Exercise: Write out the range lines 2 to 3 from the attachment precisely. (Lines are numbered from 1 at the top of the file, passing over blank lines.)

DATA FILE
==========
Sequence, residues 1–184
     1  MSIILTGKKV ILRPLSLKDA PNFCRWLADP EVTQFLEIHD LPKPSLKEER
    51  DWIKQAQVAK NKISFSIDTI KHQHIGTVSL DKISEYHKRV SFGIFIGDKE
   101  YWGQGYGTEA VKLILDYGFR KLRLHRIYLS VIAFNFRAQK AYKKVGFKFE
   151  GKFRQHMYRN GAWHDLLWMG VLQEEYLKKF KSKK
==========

     1  MSIILTGKKV ILRPLSLKDA PNFCRWLADP EVTQFLEIHD LPKPSLKEER
    51  DWIKQAQVAK NKISFSIDTI KHQHIGTVSL DKISEYHKRV SFGIFIGDKE